Color, 1981, 87 mins. 19 secs.
Directed by Richard Jefferies
Starring James Earl Jones, José Ferrer, Lila Kedrova, Mary Louise Weller, Martin Kove, Deborah Shelton, Lydia Cornell Arrow Video (Blu-ray) (US/UK R0 HD) / WS (1.85:1) (16:9)
If VHS horror movies were snakes, you couldn't walk through the horror section of a video store in the '80s without being bitten by Blood Tide, whose oversized Continental Video box seemed to stare out at you no matter where you went. Since then this Greek-lensed oddity with an insanely overqualified cast (including two Oscar winners!) has largely been relegated to cheapie gray market releases, though the folks at Arrow Video have managed to revive it with a spectacular restoration that easily outclasses the grungy prints originally circulated by 21st Century Film Corporation throughout 1982 on a handful of screens. Though directing and co-writing duties are handled by Richard Jefferies, who went on to write such cult faves as Scarecrows and The Vagrant, there are two other names in the credits that will seem more familiar: producer and co-writer Nico Mastorakis (in the middle of his long gap betweenIsland of Death and Blind Date), and Brian Trenchard-Smith, the great cinematic madman behind Stunt Rock and Turkey Shoot, who also co-wrote and gets a credit here as "creative consultant." The actual film is strangely subdued considering the era it was made, avoiding any outrageous splatter effects or sleaze elements in favor of a monster story in keeping with the '50s drive-in style of keeping its main beast under wraps until the very end.
After a young woman is prepared for an apparent nocturnal sacrifice and sent floating into an ancient watery cave, our story proper involves newlyweds Sherry (Weller) and shirt-allergic Neil (Kove) arriving at an island village whose mayor (Ferrer) seems to have something to hide. They're in search of his sister, Madeline (Shelton, pre-Body Doublebut post-Dangerous Cargo despite her "introducing" credit here), and end up crossing paths with a treasure hunter, Frye (Jones), and his girlfriend, Barbara (Cornell), who seem to have awakened an ancient evil on the premises. Also on hand is a mysterious order of nuns (led by Lila Kedrova, who was probably on set for two days max), who know more than a bit about the dark rituals behind the monstrous secret lurking nearby.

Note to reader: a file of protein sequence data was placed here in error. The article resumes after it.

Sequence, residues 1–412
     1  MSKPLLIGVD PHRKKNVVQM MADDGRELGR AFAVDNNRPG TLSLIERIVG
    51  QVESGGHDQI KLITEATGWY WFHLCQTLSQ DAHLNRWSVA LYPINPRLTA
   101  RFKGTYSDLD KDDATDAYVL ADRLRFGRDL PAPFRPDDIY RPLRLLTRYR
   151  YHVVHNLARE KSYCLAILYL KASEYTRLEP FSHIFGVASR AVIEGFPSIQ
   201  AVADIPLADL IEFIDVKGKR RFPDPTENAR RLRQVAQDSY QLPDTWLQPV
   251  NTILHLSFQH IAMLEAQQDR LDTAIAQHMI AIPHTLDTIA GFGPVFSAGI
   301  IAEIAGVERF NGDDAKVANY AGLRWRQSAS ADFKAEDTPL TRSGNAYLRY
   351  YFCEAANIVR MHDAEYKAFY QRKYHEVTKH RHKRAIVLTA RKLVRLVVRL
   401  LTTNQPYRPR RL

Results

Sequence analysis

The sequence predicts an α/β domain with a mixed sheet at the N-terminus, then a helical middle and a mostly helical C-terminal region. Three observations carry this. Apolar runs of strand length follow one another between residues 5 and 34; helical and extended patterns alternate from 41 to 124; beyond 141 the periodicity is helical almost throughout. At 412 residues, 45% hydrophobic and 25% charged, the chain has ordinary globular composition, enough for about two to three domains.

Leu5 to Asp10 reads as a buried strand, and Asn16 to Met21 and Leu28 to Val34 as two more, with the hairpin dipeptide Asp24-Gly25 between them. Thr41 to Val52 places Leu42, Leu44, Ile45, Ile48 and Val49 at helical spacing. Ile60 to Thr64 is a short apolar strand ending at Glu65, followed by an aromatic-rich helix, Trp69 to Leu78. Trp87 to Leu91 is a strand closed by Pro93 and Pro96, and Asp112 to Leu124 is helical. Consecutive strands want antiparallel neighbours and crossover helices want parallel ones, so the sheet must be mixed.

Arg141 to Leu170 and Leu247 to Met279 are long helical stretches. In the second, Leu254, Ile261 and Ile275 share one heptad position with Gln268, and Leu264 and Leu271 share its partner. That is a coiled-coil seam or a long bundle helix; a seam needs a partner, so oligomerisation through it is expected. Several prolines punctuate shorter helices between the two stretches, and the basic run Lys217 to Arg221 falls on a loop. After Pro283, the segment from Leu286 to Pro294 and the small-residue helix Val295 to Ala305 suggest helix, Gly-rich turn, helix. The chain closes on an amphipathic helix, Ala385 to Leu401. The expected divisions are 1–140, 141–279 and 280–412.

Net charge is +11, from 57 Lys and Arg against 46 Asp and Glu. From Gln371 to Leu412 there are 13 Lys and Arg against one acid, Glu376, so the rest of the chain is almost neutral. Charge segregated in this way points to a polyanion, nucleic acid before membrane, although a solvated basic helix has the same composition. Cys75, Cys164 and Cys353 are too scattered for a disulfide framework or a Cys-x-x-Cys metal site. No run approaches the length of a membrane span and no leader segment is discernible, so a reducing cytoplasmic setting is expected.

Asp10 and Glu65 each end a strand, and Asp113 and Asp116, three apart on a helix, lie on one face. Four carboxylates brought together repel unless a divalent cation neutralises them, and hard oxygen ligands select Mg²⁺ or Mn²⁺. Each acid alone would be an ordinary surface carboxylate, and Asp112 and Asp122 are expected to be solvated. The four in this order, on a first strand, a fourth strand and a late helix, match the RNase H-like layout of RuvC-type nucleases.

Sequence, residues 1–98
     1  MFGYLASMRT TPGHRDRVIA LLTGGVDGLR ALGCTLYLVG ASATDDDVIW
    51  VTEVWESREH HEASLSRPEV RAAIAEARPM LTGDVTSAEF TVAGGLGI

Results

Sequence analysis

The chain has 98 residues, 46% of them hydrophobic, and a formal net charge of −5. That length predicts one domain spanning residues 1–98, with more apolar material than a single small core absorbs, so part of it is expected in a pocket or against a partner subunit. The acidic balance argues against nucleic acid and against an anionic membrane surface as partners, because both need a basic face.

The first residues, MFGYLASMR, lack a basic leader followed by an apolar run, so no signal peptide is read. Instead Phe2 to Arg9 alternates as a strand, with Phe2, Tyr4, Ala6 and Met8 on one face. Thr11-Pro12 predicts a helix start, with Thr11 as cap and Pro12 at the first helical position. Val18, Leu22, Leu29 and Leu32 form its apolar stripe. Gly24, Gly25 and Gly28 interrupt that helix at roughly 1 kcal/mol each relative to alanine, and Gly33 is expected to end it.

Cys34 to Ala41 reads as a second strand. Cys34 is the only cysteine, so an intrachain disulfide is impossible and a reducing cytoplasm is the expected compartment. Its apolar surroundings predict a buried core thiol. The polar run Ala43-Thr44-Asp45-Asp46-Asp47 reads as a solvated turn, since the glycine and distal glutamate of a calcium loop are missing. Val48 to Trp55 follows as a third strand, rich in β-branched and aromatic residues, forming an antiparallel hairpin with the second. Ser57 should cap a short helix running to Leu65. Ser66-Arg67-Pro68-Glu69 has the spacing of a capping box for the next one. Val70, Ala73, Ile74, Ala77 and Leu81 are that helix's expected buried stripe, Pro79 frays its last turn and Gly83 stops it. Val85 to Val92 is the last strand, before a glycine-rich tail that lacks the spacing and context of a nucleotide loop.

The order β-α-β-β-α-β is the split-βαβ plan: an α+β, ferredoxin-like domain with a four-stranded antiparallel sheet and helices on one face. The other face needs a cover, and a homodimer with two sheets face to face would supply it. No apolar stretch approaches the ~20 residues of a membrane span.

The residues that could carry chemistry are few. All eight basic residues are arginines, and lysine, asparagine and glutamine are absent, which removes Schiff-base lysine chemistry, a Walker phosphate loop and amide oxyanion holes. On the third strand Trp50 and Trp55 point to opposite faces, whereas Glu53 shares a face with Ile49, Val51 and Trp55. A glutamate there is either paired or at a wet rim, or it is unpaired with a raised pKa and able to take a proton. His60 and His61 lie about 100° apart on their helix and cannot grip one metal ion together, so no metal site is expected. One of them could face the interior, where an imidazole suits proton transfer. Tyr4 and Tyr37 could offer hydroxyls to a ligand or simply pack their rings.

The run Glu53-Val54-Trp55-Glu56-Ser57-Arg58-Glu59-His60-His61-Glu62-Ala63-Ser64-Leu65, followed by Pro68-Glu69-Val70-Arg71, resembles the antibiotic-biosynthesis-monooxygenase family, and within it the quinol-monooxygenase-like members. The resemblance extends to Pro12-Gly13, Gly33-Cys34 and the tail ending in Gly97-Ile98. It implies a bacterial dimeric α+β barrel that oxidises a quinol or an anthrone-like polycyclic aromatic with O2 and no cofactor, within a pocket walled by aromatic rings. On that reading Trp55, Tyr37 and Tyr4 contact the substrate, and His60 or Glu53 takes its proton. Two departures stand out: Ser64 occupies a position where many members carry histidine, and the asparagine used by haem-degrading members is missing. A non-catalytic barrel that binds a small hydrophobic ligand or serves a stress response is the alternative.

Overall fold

Complete with loads of sunny travelogue footage, beach calisthenics, and wonky mythology, Blood Tide is still something of a curio as it repeatedly refuses to really go for the cheap thrills that the material seems to demand in favor of a self-termed "classy" approach. That said, there's a certain hang-out fun to be had with Jones as a Bard-loving adventurer and a rare leading man role for Kove, a veteran from such diverse indies as Last House on the Left, Women in Revolt, and Death Race 2000, who would soon hit the mainstream with The Karate Kid and Cagney & Lacey. Take it as a star-studded update of a poverty row monster movie and it all clicks a bit more, with a modest charm that would pair it up well with something like Up from the Depths or Demon of Paradise.
Blighted by truly terrible video transfers since that initial VHS, Blood Tide has looked awful on all of the unauthorized DVD and streaming options out there pulled from that pale, mushy-looking tape but with a lot of added compression to make things even worse. The Arrow release truly feels like a whole different film courtesy of a new 4K scan of the original camera negative; it's in immaculate shape and makes for quite the visual feast with all of that beach scenery and the moody cave scenes illuminated by flickering firelight. The LPCM English mono audio (with optional English SDH subtitles) is also in pristine shape. A new audio commentary with Jefferies in conversation with Michael Felsher offers quite a bit of context for the film including his writing gigs around this time, his transition to becoming a director courtesy of Mastorakis, the logistics of the shoot, and his rapport with that wild cast. "Swept by the Tide" (28m58s) is a new video interview with Mastorakis (credited as "director, producer, novelist, script writer, DJ, TV host, lyricist, editor, reporter") conducted by "actor / voice over genius" Ari Gerontakis about his view of being a horror director, the state of his career in Athens at the end of the '70s, a random anecdote about "illiterate" Don Simpson and John Carpenter, the "survival" reason behind the making of this film, and his positive experience with the first-time director. In the funniest moment, he addresses the supposed public domain status of the film (it ain't) and even shows off the legal paperwork to dare anyone to even try pirating this new release. The original trailer and a 2020 reissue version are also included, and the package comes with reversible art options including a new design by Graham Humphreys.